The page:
The Court observes that Petitioner's objections largely restate arguments previously presented in his petition (Doc. No. 1), memorandum of law submitted in support of his petition (Doc. No. 3), motion for a stay and abeyance (Doc. No. 19), brief in support of his motion to stay (Doc. No. 20), motion to supplement (Doc. No. 22), and brief in support of his motion to supplement (Doc. No. 23), which were considered by Chief Magistrate Judge Schwab as reflected in the Report and Recommendation. Having thoroughly considered Petitioner's objections to the Report and Recommendation, the Court finds that Chief Magistrate Judge Schwab correctly and comprehensively addressed the substance of Petitioner's objections in the Report and Recommendation itself. Therefore, the Court will not write separately to address them, except with regard to three points.

         First, Petitioner's objection to Chief Magistrate Judge Schwab's finding that ineffective assistance of counsel is the sole claim for relief asserted in his petition is not well taken. The Court's review of the petition and Petitioner's memorandum of law in support of it confirm Chief Magistrate Judge Schwab's conclusion that an ineffective assistance of counsel claim is the sole claim for relief asserted by him. (See Doc. Nos. 1 at 5, 17-18; 3 at 6-12.)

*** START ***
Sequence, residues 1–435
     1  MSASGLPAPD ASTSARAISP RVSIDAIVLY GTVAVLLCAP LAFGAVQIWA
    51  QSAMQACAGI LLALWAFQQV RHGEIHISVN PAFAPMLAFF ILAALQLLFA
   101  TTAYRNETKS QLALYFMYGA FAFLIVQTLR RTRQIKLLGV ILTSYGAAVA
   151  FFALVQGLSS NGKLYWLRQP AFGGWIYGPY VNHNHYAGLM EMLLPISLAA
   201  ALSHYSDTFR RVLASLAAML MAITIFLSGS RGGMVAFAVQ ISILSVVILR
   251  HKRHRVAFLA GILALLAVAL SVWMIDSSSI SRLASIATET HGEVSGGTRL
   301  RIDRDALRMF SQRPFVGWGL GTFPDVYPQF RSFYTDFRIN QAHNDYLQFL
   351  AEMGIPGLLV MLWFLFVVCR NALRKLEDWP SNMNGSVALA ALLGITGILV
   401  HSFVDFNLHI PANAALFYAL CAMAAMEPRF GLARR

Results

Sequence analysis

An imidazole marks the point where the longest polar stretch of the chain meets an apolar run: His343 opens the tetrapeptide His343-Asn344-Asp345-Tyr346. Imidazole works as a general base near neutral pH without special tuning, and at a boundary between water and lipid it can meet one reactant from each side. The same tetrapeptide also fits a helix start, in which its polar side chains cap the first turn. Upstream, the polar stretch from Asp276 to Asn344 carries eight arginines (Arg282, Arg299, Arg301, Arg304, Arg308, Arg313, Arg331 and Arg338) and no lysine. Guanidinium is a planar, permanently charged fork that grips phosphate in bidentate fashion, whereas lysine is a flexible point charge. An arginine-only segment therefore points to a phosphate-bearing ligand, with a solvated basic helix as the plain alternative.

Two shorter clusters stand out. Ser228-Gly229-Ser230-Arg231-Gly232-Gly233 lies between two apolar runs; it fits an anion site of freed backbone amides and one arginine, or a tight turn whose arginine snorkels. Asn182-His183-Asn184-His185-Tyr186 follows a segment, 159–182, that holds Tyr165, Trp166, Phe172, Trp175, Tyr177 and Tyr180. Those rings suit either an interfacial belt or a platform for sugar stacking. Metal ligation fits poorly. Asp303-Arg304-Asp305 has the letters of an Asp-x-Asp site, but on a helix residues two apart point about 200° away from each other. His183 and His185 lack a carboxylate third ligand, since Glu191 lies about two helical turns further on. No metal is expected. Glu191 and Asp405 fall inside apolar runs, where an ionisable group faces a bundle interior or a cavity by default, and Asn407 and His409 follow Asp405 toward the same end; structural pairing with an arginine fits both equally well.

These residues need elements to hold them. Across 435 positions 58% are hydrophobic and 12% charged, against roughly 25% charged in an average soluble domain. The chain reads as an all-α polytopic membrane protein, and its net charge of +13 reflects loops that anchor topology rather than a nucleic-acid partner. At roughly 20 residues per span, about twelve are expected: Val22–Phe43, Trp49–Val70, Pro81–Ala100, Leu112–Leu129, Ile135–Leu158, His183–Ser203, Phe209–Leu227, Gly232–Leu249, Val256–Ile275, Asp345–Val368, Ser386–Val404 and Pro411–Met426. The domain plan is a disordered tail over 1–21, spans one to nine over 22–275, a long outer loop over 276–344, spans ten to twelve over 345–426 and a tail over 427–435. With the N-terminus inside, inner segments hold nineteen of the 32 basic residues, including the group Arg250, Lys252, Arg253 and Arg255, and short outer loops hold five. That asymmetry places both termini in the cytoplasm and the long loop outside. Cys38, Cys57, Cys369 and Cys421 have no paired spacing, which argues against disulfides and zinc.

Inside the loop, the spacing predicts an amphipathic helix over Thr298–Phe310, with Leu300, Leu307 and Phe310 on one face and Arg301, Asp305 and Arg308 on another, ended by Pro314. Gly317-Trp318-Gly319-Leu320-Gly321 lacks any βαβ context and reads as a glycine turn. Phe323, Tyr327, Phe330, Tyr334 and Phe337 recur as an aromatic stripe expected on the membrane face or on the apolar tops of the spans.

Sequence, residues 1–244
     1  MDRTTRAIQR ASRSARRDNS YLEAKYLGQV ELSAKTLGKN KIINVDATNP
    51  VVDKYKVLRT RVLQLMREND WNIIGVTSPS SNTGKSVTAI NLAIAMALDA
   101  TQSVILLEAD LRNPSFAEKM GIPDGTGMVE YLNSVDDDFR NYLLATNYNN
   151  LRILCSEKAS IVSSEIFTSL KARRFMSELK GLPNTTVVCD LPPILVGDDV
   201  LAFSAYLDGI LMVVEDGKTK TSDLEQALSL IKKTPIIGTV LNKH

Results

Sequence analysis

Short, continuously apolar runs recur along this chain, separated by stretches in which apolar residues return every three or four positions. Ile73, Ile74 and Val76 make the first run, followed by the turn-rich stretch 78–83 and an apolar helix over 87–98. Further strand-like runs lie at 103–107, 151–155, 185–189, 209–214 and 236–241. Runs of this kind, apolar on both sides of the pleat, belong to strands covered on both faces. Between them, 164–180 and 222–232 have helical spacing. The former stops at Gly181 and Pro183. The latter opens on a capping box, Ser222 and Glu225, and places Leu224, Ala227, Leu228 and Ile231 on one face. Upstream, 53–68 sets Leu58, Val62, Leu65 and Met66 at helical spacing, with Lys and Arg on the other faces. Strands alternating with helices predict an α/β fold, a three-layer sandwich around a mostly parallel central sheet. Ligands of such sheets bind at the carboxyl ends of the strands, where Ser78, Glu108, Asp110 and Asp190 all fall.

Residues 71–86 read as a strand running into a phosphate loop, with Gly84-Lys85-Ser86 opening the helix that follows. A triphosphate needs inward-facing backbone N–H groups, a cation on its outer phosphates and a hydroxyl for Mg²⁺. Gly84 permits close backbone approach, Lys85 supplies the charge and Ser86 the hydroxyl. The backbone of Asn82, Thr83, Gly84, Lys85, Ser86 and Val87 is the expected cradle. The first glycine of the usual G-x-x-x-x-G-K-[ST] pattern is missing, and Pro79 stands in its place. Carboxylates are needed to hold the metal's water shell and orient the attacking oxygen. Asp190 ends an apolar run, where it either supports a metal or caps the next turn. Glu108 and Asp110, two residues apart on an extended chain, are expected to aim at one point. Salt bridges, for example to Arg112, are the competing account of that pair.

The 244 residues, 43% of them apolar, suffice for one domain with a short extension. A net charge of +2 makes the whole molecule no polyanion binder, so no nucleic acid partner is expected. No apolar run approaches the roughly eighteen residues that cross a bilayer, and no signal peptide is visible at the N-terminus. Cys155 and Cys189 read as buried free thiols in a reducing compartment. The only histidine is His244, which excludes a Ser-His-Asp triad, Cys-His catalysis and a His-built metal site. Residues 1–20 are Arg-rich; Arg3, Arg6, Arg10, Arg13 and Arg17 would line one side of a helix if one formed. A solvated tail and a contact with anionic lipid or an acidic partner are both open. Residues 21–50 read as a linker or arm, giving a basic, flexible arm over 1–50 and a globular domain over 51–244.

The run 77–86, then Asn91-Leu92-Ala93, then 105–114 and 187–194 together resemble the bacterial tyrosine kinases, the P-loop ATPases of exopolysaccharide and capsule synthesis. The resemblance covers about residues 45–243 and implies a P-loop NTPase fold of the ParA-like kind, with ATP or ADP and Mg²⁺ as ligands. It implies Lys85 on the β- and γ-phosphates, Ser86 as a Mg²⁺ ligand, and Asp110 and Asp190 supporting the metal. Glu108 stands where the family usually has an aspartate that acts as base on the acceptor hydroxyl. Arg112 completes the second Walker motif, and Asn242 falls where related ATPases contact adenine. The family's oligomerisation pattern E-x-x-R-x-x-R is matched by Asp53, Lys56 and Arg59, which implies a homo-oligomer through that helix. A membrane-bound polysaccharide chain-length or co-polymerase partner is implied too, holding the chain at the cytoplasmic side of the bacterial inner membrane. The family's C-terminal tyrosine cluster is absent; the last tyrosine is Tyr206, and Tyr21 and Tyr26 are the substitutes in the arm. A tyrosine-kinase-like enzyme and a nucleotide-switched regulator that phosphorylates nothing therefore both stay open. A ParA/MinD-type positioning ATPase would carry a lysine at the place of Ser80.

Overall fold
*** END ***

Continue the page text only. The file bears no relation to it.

Second, Petitioner objects to Chief Magistrate Judge Schwab's recommendation to deny his petition without first conducting an evidentiary hearing on the petition pursuant to 28 U.S.C. § 2254(e)(2). (Doc. No. 25 at 13.) However, Section 2254(e)(2) makes clear that an evidentiary hearing is not required to dispose of a Section 2254 petition, in fact providing in Section 2254(e)(2) that “the court shall not hold an evidentiary hearing on the claim unless the applicant shows that - . . . (B) the facts underlying the claim would be sufficient to establish by clear and convincing evidence that but for constitutional error, no reasonable factfinder would have found the applicant guilty of the underlying offense.” 28 U.S.C. § 2254(e)(2).

         Further, Petitioner's objection regarding Chief Magistrate Judge Schwab's omission of a recommendation as to the issuance of a certificate of appealability is of no moment, as her conclusion that Petitioner “falls far short” of establishing an entitlement to relief on his ineffective assistance of counsel claim, as well as the entirety of her Report and Recommendation, provides ample support for this Court's finding that Petitioner has not made a “substantial showing of the denial of a constitutional right” justifying the issuance of a certificate of appealability. 28 U.S.C. § 2253(c)(2).

         AND SO, on this 8th day of November 2017, upon independent review of the record and the applicable law, IT IS ORDERED THAT:

         1. Chief Magistrate Judge Schwab's Report and Recommendation (Doc. No. 24), is ADOPTED;

         2. Petitioner's objections (Doc. Nos. 25, 26), are OVERRULED;

         3. The Court declines to hold an evidentiary ...